Friday morning we headed to the hospital for my transfusion. This was the kind where I simply receive blood but no blood leaves my body. I was confused at first because I thought transfusion was two-way and didn’t want to lose any of the chemo in my system. But they cleared that up for me.

The very first thing they injected into my port (after the dreaded flush) was….you guessed it…benedryl. I was out immediately. It took about 6 hours and I was given two units of blood. I slept through the entire thing.

Everyone kept saying how good you will feel after a transfusion. I kept waiting to feel like a rockstar. But I guess between the benedryl and chemo, i never got that boost. All I’ve done is sleep. I do feel a little more energetic today but still not ready for a marathon.

As a result of having the blood transfusion, I learned that the Red Cross has a shortage on blood. If you are able, allowed and willing, consider giving blood. I know not everyone is able for various reasons, but encourage your friends who can. Several of my friends already did in my honor and I thank them so much! I am so grateful to the donors whose blood I received and replenished my counts Friday. I’m fortunate enough to be O+ so I can take anyone’s blood.

All in all, despite the benedryl comas, this chemo has been much easier than AC. I don’t have as much of that chemical yuck feeling I had with AC. And no Neulasta…ahhh.

The thing I have to look forward to on taxol is darkened and possibly damaged nail beds. They are already sore – amazing how fast it happens. Not everyone loses nails but some do, so I’ll just have to work through it. I’m doing all I can to prevent it based on what I’ve read.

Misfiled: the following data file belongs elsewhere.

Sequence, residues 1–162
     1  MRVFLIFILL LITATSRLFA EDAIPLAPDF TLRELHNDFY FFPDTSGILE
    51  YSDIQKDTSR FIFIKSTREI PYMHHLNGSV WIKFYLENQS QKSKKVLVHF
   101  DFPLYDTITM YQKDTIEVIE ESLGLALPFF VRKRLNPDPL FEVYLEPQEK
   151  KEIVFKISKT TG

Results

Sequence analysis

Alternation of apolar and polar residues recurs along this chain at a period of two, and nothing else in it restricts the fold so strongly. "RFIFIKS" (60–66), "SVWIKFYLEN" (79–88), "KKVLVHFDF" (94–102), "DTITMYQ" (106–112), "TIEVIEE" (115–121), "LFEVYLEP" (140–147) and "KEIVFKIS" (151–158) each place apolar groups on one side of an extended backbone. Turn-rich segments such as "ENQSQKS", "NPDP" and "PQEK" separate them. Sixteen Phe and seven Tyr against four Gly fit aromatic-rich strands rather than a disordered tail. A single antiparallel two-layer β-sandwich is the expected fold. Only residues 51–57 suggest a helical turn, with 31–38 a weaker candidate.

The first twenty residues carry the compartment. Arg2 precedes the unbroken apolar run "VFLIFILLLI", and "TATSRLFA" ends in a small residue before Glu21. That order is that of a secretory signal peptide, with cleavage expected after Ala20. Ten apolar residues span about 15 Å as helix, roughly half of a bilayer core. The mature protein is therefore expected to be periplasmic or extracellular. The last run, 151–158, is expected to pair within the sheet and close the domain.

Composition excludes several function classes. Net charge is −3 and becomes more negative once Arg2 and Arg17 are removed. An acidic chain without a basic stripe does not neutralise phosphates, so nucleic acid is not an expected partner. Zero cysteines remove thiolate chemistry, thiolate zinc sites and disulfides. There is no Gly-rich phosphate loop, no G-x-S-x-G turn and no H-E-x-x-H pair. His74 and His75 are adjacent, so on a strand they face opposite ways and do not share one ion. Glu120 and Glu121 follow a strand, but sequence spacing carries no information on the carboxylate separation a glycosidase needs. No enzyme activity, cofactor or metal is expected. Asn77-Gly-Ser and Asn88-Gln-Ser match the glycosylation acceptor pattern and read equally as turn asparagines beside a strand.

So if I can peel myself out of bed, I think I actually feel ok. Eating is still a challenge but I’m doing ok.

Hopefully the worst of this week’s treatment is behind me and I’ll be able to be productive the rest of the week.

My doctor warned me that this coming Thursday could very well be one of the days I cannot get my treatment due to my counts. So I’m prepared for it and am not going to fret over it. Going weekly will be harder on the weeks following Carboplatin.

Thanks again for all your love and support!

Twelve to Go

It’s been a challenging but not horrible week since my final treatment of AC. I can’t express how glad I am to be done with the red devil! It really helps with the dread factor of going to my next treatment. Oh and did I mention no Neulasta shots? Ahhhh 🙂

The plan is I have 12 treatments left, beginning next Thursday, Jan. 16. I’ll go every week until April 3. Mentally, I feel more like I felt before my first treatment. Ignorance is bliss. I don’t know what to expect so I’m not expecting anything.

Taxol is the drug I will receive each week. It’s notably milder than AC, which is great. On my first, fifth and ninth treatment, I will receive my bonus drug of Carboplatin. According to my doctor, that will add some kick to how I feel after treatment, but I don’t mind because I feel so fortunate that the timing of this new research lined up exactly with my treatment plan. And I survived AC. I can handle this.

My doctor did warn me that with weekly treatments and the addition of the Carbo, I will likely have to miss a couple of my Taxol doses. My white blood cell count must be 1000 and my platelets must be 100 in order to receive a dose. If it’s not, I can’t get my treatment that week. She said I do not need to worry if that happens. The addition of Carbo trumps Taxol and is worth me missing a couple, if it happens. She told me if I do miss one, I don’t have to make it up. That made me happy. This way I truly know where the light is at the end of the tunnel. It’s sitting at April 3!